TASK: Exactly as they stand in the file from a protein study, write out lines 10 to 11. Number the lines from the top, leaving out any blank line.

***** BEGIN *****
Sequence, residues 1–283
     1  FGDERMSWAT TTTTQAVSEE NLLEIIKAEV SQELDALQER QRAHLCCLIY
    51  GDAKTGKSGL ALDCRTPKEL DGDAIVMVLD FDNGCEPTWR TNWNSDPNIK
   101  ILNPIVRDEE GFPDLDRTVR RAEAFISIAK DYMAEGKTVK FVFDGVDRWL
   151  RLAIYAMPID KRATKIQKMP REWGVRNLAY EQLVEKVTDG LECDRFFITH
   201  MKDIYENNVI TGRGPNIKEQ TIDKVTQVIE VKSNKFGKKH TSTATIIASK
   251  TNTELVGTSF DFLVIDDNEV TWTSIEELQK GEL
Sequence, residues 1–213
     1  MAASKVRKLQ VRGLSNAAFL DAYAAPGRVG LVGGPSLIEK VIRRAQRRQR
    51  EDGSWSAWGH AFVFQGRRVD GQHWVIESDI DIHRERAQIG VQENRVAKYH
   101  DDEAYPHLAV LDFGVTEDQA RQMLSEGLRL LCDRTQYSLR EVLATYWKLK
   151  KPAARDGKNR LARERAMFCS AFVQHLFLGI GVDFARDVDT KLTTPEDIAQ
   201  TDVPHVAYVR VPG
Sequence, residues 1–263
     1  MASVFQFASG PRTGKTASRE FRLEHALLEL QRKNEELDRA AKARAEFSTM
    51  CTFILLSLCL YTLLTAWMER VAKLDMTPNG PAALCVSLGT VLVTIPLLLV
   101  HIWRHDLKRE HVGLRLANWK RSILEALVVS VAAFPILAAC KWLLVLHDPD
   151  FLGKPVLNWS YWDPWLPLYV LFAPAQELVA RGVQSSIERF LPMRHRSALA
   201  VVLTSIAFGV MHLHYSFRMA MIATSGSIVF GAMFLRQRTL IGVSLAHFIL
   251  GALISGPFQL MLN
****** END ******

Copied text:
    51  EDGSWSAWGH AFVFQGRRVD GQHWVIESDI DIHRERAQIG VQENRVAKYH
   101  DDEAYPHLAV LDFGVTEDQA RQMLSEGLRL LCDRTQYSLR EVLATYWKLK